Watson answered the call

While Mr. Watson did answer Alexander Graham Bell’s first telephone call, what we’re talking about here is IBM’s Watson. The Mayo Clinic recently released results from a study whereby Watson “in the 11 months after implementation, there was on average an 80% increase in enrollment to Mayo’s systemic therapy clinical trials for breast cancer.”  That’s a huge increase given that ~3-5% of cancer patients participate in clinical trials. There’s also a Mayo Clinic radio (yes, there is such a thing) podcast for your listening enjoyment. For those in the clinical development industry, this could be a substantial step in using technology to increase clinical trial participation rates. DYK that IBM’s Watson is named after their first CEO, industrialist Thomas J. Watson? You do now and you’re now less likely to lose on Jeopardy.

I learn better from examples

We recently read one of the better reports on the use of digital technologies in the world of clinical development. Why is it better? Because Deloitte provides some actual case studies/ use cases for these technologies. In one example, a service provider, Science 37, used telemedicine to conduct a complete virtual Phase II study. We have no idea whether the trial will be part of an FDA submission, but cool nonetheless. Another interesting idea from Deloitte is using “Synthetic trial arms or master protocols to reduce the number of patients required to test investigational treatments. A synthetic trial arm uses data from previously completed trials or real-world evidence and is particularly useful in rare disease trials or when a placebo approach is not appropriate or ethical, as is often the case in oncology.” Love it. Speaking of synthetic, here’s a list of the worst synthetic fabrics to wear.

23andMe and clinical trials

Want some help with your 2018 weight loss resolution? 23andMe might be able to help. In December they announced the “Weight Loss Intervention Study” noting it will attempt to uncover more about why each of us responds differently to exercise and diet. If you’re a 23andMe customer, then maybe you can be 1 of 100,000 people they intend to recruit. This is not 23andMe’s first time conducting clinical trials. They have conducted them in Lupus and Parkinson’s. According to Dr. Liana Del Gobbo, “We’d like to better understand the genetic, demographic, psychosocial, and behavioral characteristics that predict weight loss success overall, and on different lifestyle interventions.” Cool, because anything’s better than this method of weight loss. And 23andMe is probably not done after raising $250M in September, just like InsightCity.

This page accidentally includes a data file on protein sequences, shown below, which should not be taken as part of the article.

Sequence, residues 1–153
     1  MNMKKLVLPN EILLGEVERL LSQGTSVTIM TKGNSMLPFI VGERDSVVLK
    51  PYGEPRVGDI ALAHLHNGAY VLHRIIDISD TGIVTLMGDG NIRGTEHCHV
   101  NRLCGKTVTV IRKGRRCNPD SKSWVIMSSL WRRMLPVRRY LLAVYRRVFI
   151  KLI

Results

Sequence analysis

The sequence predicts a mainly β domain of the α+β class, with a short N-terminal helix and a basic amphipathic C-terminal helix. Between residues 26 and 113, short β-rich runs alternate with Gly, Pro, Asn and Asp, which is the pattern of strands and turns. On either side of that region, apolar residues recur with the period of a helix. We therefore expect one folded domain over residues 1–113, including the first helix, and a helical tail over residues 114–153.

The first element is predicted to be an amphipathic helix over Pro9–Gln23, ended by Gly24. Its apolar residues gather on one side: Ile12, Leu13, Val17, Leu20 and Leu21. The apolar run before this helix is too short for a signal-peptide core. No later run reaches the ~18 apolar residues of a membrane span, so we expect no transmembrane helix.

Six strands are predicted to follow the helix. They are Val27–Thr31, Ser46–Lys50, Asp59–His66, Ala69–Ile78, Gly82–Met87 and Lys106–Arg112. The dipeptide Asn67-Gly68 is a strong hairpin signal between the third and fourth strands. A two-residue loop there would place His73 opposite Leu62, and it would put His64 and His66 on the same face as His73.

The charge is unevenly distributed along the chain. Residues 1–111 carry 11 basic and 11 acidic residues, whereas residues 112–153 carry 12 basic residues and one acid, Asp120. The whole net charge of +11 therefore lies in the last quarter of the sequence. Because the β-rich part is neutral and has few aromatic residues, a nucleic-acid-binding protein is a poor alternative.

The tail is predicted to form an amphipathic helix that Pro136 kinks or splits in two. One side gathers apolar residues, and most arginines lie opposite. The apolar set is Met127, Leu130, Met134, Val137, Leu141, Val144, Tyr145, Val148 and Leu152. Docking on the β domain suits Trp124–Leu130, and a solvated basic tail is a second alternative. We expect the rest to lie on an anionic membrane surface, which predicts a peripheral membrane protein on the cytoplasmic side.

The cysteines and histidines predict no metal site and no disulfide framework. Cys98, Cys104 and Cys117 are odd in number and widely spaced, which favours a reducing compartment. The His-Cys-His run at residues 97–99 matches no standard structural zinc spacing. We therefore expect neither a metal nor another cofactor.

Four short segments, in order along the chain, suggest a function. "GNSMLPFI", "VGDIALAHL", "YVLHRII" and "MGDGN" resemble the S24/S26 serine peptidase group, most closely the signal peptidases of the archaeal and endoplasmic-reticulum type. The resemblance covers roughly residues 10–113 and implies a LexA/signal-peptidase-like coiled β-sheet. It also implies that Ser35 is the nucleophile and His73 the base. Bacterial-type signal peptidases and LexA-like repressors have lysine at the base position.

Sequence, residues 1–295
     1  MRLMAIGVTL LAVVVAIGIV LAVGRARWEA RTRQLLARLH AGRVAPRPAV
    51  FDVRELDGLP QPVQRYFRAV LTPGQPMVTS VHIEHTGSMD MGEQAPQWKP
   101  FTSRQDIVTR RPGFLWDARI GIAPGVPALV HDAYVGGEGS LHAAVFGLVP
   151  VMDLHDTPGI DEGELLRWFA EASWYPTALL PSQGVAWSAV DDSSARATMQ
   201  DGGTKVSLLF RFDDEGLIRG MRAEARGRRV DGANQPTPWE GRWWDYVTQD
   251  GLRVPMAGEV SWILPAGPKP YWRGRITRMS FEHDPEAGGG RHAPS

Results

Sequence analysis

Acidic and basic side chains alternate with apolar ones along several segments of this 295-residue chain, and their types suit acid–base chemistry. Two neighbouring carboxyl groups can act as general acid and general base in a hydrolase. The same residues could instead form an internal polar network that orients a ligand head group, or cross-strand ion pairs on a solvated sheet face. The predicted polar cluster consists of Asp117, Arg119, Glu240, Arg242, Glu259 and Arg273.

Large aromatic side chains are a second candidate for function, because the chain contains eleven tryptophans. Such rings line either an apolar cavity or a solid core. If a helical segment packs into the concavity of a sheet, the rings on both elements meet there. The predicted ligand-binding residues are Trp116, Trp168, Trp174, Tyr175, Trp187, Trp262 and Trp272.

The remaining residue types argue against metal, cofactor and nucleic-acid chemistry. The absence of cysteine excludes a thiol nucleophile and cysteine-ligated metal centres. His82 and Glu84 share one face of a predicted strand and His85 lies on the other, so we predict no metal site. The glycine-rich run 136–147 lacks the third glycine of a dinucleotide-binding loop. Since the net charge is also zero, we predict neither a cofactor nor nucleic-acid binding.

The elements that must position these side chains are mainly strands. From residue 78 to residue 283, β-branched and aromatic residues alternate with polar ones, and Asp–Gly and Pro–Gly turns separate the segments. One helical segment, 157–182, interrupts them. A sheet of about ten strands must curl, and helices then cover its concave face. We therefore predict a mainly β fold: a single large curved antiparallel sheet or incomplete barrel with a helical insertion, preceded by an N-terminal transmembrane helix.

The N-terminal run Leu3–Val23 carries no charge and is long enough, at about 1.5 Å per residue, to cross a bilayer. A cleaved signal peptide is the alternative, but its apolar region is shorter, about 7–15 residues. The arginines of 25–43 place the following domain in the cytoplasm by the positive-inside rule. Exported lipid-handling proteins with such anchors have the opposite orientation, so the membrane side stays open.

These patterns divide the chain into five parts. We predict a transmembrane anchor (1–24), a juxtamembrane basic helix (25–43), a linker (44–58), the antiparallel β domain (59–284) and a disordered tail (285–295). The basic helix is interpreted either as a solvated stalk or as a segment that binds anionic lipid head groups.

A bit obsessed with Fitbit

Last week, researchers found that exercise can counteract the cognitive decline some patients experience post-breast cancer treatment. It’s the 457th publication since 2012 to use a Fitbit device in research. Or to put it a different way, this study found that 83 percent of clinical trials used a Fitbit as opposed to another brand. Researchers apparently just really prefer it. That’s good news for the company, since it now has a slew of clinical data under its belt, and it’s thinking about a run at a medical device designation a few years in the future. According to their GM of Health Solutions, “as we start going deeper down the health road with more and more advanced sensors, I’d say, just stay tuned.” Oooooh, mysterious.

Clinical trial participation – from the comfort of home

In the age of Amazon Prime, grocery delivery, and, yep, even sock delivery subscriptions, it’s getting easier and easier to never leave the house. And it’s even more annoying when you do have to venture out and interact with other human beings, amirite? Luckily for us hermits, PAREXEL and Sanofi aim to make it easier to participate in clinical trials from the comfort of your Lazy Boy. The two companies are launching a pilot study to test the medical and scientific viability of wearable devices in clinical trials using PAREXEL’s patient sensor solution. The goals are to make things easier on patients and sites, collect a whole bunch of data, and reduce costs all the way around. High five for progress!

2. Ex-FDA head has (legitimate?) concerns

Fresh off the clock, ex-FDA commish Robert Califf recently vented a few concerns he has with speeding up drug approvals. #1: Faster approval does nothing to address popular concern for the cost of drugs. Pharma will still say they must recoup hefty development costs and people will still not trust that explanation. #2: Are speed and safety at odds? As Califf puts it, “Declaring a drug safe after very little information is treacherous.” All drugs have risk and this risk is only uncovered through evidence. Check out 22 case studies where the bottom fell out between Phase II and III. And #3: Drugs can’t be approved faster if the FDA needs more FDA-ites – employees. We’re not sure what they call themselves.